Wednesday, September 20, 2017

The  Black Coach Syndrome and the Pursuit to Become a College Head Football Coach

Casey A. Kovacic
 

Abstracted from Casey A. Kovacic, The Real BCS: Black Coach Syndrome and the Pursuit to Become a College Head Football Coach, 36 Southern University Law Review 89 (Fall, 2008)


I truly believe that African Americans "may not have some of the necessities" to effectively manage a team.  Former Los Angeles Dodgers General Manager Al Campanis

In the years since his infamous statement on national television about the abilities of African Americans in sports managerial positions, Al Campanis has been repeatedly proven wrong. Countless racial barriers have been broken as African Americans have coached teams to success in a wide range of sports. Most recently, in February 2007, two African American National Football League ("N.F.L.") head coaches led their teams to compete in the Super Bowl, which is perhaps the most recognized sporting event in the world. Despite increases in minority hiring in many major athletic leagues, the National Collegiate Athletic Association's ("N.C.A.A.") Football Bowl Subdivision ("FBS") has lagged behind. A quick look at the numbers clearly demonstrates that major college football has a problem:

Out of 119 FBS member universities, only three currently employ African Americans as head coaches of their football teams.

*90 Of 197 coaching vacancies since 1996, only twelve have gone to African American coaches.

Among the 414 coaching vacancies in Division I-A/FBS since 1982, only twenty-one African Americans have been hired.

These statistics become even more troubling when considering that minority student athletes make up fifty-three percent of FBS football players, fifty percent of whom are African American.

This article will discuss the possible reasons behind the troubling hiring practices of FBS universities, the need for change, and both traditional and non-traditional remedies that may give minority coaches better access to head coaching jobs. The possibility of Title VII litigation under the disparate impact and disparate treatment theories and possible remedies through developing litigation stemming from "word-of-mouth" recruiting cases will be examined. This article will also compare the situation in college football with that of college basketball and professional football. This discussion will specifically analyze the N.F.L.'s recent implementation of the "Rooney Rule," the dramatic progress in opportunities for minority coaches brought about by this rule, and the effect that a similar rule could have in a college setting.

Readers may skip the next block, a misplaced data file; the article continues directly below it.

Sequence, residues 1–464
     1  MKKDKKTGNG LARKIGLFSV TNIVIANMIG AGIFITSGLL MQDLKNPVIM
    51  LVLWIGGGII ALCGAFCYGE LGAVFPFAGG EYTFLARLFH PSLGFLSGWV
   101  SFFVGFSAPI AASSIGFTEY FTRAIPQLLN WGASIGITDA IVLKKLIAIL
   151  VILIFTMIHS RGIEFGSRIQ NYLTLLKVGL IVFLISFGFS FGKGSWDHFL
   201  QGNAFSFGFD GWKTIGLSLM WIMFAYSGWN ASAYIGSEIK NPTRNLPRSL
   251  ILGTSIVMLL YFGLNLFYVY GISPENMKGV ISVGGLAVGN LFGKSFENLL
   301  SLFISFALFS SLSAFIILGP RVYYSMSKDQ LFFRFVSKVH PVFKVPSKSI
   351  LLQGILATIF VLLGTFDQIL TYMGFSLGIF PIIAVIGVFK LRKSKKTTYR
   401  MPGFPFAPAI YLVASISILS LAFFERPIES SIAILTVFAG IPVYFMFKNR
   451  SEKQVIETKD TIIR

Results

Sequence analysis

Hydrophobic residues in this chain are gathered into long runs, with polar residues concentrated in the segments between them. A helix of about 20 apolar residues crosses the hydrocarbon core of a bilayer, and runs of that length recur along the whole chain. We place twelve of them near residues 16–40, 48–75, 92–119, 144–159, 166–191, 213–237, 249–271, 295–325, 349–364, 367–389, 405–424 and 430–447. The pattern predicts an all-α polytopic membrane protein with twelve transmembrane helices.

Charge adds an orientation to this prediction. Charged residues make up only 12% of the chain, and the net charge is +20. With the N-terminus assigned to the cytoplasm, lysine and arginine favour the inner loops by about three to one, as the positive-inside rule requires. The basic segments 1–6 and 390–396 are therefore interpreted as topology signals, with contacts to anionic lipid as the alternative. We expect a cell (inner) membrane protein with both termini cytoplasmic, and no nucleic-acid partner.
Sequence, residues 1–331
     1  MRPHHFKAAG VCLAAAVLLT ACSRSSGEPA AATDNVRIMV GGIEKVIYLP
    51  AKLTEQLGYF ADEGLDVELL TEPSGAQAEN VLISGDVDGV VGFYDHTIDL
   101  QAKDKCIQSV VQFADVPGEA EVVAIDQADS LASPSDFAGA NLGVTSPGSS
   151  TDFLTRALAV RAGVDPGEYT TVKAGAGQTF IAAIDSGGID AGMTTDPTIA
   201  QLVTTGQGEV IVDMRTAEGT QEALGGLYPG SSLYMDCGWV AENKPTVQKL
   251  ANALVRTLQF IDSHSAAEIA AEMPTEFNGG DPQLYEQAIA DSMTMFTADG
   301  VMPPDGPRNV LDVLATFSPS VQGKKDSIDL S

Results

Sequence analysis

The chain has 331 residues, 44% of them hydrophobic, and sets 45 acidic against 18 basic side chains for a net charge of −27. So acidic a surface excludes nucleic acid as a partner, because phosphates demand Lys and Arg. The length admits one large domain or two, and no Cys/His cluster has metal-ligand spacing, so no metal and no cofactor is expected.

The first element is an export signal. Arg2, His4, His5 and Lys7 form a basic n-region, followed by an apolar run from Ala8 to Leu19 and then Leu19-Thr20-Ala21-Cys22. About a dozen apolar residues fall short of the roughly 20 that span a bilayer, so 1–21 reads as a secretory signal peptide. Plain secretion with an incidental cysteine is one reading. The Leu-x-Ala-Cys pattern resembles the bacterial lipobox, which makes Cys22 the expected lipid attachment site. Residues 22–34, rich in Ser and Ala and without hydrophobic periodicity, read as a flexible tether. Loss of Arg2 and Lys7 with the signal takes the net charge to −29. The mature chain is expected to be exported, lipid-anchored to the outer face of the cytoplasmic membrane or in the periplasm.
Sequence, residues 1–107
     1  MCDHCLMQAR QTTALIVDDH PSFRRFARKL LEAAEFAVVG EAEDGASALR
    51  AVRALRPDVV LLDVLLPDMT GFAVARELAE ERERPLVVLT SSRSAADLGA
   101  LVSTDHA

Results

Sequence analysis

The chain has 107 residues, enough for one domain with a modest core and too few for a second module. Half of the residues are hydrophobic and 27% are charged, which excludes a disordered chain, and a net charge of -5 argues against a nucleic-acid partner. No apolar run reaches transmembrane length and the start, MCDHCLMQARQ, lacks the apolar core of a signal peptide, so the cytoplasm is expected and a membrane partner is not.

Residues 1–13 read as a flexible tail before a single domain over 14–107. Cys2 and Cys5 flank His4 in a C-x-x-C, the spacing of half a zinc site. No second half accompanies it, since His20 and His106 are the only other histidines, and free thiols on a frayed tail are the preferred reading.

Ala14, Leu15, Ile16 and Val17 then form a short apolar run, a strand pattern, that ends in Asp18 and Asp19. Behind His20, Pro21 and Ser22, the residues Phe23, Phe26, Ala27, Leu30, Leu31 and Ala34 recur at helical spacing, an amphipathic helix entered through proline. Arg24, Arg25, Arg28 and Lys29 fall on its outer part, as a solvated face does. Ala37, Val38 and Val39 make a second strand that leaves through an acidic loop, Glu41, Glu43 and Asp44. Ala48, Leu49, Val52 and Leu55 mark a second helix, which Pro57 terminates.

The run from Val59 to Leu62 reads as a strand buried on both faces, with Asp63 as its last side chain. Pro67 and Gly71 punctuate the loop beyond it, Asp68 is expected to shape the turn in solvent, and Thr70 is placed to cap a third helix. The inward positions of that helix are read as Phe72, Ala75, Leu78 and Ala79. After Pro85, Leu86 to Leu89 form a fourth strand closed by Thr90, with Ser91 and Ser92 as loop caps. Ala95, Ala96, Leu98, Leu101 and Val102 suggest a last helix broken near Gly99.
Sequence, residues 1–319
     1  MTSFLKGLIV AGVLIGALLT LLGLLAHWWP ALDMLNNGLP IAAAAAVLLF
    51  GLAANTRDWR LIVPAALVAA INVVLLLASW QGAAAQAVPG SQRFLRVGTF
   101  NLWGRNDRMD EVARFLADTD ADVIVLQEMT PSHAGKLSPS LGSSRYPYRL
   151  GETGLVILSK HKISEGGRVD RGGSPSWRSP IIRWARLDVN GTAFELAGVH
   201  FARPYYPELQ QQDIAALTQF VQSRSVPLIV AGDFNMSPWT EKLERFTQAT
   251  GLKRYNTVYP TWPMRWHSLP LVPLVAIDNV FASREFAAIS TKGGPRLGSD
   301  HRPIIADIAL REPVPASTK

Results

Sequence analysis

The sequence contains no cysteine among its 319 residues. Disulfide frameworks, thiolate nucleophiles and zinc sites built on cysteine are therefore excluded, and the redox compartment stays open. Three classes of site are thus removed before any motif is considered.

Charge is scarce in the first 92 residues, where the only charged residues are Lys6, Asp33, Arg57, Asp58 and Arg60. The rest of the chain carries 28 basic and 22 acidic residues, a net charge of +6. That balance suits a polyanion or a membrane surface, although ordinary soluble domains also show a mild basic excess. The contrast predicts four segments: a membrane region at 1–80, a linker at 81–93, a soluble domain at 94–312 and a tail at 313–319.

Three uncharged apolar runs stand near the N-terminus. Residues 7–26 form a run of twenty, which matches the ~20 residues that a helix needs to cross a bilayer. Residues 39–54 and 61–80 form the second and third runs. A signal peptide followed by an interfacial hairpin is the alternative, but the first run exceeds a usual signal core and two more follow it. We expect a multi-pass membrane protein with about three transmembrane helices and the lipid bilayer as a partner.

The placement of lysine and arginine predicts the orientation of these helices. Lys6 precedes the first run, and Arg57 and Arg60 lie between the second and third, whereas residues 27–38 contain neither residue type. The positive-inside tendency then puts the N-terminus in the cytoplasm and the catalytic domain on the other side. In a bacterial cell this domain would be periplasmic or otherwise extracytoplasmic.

\. . .

Tony Dungy, coach of the 2007 Super Bowl Champion Indianapolis Colts, said after the victory, "[w]hen I was young watching the Super Bowl, I thought about being a player. I never thought about being a coach in the Super Bowl. It never seemed real. I think it will seem real to kids in the future." Although his success has been a bright light for African Americans and other minorities who pursue head football coaching positions, this statement is somewhat troublesome. The sports industry represents a microcosm of society. As Professor Harry Edwards commented, "The first principle of sport sociology is that sport inevitably recapitulates the character, structure, and dynamics of human and institutional relationships within and between societies and the ideological values and sentiments that rationalize and *120 justify those relationships." Watching college football on Saturday afternoons is an American pastime. If the parallels between sports and society are true, consider the effect on minority children who notice that while the majority of the players on the field are African Americans, the coaches on the sidelines and the team executives in the suites are still predominantly white. What message does this send to these children about their imminent future as employees trying to climb the ladder in any business structure? The legal remedies provided for minority coaching candidates that have been the subject of discrimination, as well as the N.C.A.A.'s current efforts to remedy the situation, can provide effective methods for the under represented to break through the ceiling that restrains so many qualified minority candidates.
 
 

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